Dr. Waldron is the founder and Director of the Environmental Noxiousness, Racial Inequities and Community Health Project (The ENRICH Project), the co-founder and Co-Director of the Canadian Coalition for Environmental and Climate Justice (CCECJ), and the co-founder and past Vice-President of Rural Water Watch, which conducts water testing projects in marginalized rural Nova Scotian communities. Her research and community advocacy work inspired the federal private members bill a National Strategy Respecting Environmental Racism and Environmental Justice (Bill C-226).
She is currently writing her next book titled From the Enlightenment to Black Lives Matter: The Impact of Racial Trauma on Mental Health in Black Communities, which will trace experiences of racial trauma in Black communities in North America and the UK from the colonial era to the present day.
Professor of Medicine;
Canada Research Chair in Ethnic Diversity and Cardiovascular Disease;
Director, Population Genomics Program, Department of Health Research Methods, Evidence, and Impact (HEI);
McMaster University’s Dr. Sonia Anand was only 33 years old when she landed the Eli Lilly Canada-May Cohen Chair in Women’s Health. Although her present research involves the environmental and genetic determinants of vascular and peripheral vascular disease in populations of varying ancestral origin, she is most recognized for her research on women’s health issues, particularly in the area of cardiovascular disease. The care and treatment of women’s cardiovascular disease, unique in its latent and non-specific symptoms, must differ from the standard employed for men to be successful, and Dr. Anand’s research is innovative in making this a priority.
As a Professor with the Department of Medicine and a member of the Leadership Council of the Heart and Stroke Foundation of Canada’s Heart Truth campaign, Dr. Anand has helped give women the tools they need to reduce their risk of cardiovascular disease. Studying the differences associated with each gender’s symptomatic experience of heart disease, Dr. Anand aims to clarify the way in which social factors interact with biological factors to impact cardiovascular health.
Dr. Anand is also the Principal Investigator of two large genetic association studies, including the CIHR/HSFO funded EPiDREAM study of 22,000 people from 21 countries. Complementing this research, Dr. Anand teaches clinical epidemiology courses in methodology and cardiovascular disease at McMaster University with the hope of influencing future generations of doctors to be mindful of women’s health matters.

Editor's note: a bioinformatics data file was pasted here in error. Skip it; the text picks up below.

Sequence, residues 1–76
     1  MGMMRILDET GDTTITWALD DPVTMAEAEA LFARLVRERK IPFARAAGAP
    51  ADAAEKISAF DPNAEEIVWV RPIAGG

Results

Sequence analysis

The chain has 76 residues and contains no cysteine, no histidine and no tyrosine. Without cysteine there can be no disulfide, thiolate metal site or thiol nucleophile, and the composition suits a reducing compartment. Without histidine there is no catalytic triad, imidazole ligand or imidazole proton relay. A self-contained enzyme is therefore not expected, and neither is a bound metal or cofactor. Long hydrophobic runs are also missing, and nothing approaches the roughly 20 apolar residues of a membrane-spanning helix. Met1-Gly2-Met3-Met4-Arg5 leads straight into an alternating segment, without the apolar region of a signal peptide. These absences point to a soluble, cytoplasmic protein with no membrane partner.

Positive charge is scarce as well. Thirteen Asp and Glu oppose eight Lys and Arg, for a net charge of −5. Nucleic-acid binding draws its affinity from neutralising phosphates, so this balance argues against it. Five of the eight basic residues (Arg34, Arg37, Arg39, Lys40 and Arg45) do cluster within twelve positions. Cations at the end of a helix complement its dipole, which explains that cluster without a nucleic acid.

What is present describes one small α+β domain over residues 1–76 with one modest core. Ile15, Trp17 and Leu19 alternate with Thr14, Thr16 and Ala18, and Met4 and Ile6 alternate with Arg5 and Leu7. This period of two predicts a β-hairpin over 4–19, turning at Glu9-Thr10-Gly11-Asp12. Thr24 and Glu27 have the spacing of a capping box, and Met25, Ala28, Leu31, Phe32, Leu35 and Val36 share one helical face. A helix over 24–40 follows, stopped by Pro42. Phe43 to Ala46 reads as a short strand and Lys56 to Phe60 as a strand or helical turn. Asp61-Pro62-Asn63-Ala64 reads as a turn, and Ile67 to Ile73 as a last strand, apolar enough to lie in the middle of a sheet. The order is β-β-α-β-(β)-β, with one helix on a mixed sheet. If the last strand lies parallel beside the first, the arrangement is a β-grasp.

Associate Professor, Genomics;
Icahn School of Medicine at Mount Sinai,
New York, New York
Dr. Ron Do, Ph.D., is an Associate Professor in the Department of Genetics and Genomic Sciences and co-Director of the Charles Bronfman Institute for Personalized Medicine at the Icahn School of Medicine at Mount Sinai.
Prior to joining Mount Sinai, Dr. Do was a Postdoctoral Fellow (2010 to 2013) and Instructor in Medicine (2013 to 2015) at the Center for Human Genetic Research (now Center for Genomic Medicine) at Massachusetts General Hospital and Harvard Medical School, and a research affiliate at the Broad Institute of MIT and Harvard. He completed his Ph.D. in Human Genetics at McGill University in 2010. Dr. Do is the recipient of the Dr. Harold and Golden Lamport Clinical Research Award of the Icahn School of Medicine at Mount Sinai, the Banting postdoctoral fellowship of the Canadian Institutes of Health Research, and the Sir Frederick Banting and Charles Best Canada Graduate Doctoral Scholarship of the Canadian Institutes of Health Research.
Dr. Do is a human computational geneticist interested in understanding the genomic, biological, and clinical basis of disease. He has pursued this interest by applying methods from human genetics, genetic epidemiology, statistical genetics, population genetics and computing to large-scale human genotyping, sequencing datasets. Some of Dr. Do’s current research activities include: 1) development of risk prediction models for complex disease; 2) evaluating clinical utility of genetic risk for complex disease; 3) using Mendelian randomization to infer causality of risk factors and complex disease; 4) evaluating the genetic architecture of complex disease; and 5) using human genetics to guide drug discovery and validation.